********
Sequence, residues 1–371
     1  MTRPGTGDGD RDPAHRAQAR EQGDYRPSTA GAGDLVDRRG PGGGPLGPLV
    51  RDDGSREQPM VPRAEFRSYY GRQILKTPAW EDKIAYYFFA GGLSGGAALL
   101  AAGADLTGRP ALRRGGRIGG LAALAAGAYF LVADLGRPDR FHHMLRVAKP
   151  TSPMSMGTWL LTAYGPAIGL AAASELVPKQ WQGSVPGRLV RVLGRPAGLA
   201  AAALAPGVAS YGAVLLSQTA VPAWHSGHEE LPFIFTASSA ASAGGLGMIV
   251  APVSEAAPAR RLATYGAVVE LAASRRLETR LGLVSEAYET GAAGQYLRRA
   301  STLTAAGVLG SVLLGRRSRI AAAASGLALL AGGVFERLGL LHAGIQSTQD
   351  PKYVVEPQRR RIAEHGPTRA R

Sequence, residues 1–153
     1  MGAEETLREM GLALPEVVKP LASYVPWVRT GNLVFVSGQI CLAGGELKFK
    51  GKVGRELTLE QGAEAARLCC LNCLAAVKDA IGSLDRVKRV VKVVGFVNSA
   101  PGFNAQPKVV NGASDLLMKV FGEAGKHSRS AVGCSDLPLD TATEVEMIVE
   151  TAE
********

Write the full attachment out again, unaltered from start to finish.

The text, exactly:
Sequence, residues 1–371
     1  MTRPGTGDGD RDPAHRAQAR EQGDYRPSTA GAGDLVDRRG PGGGPLGPLV
    51  RDDGSREQPM VPRAEFRSYY GRQILKTPAW EDKIAYYFFA GGLSGGAALL
   101  AAGADLTGRP ALRRGGRIGG LAALAAGAYF LVADLGRPDR FHHMLRVAKP
   151  TSPMSMGTWL LTAYGPAIGL AAASELVPKQ WQGSVPGRLV RVLGRPAGLA
   201  AAALAPGVAS YGAVLLSQTA VPAWHSGHEE LPFIFTASSA ASAGGLGMIV
   251  APVSEAAPAR RLATYGAVVE LAASRRLETR LGLVSEAYET GAAGQYLRRA
   301  STLTAAGVLG SVLLGRRSRI AAAASGLALL AGGVFERLGL LHAGIQSTQD
   351  PKYVVEPQRR RIAEHGPTRA R

Sequence, residues 1–153
     1  MGAEETLREM GLALPEVVKP LASYVPWVRT GNLVFVSGQI CLAGGELKFK
    51  GKVGRELTLE QGAEAARLCC LNCLAAVKDA IGSLDRVKRV VKVVGFVNSA
   101  PGFNAQPKVV NGASDLLMKV FGEAGKHSRS AVGCSDLPLD TATEVEMIVE
   151  TAE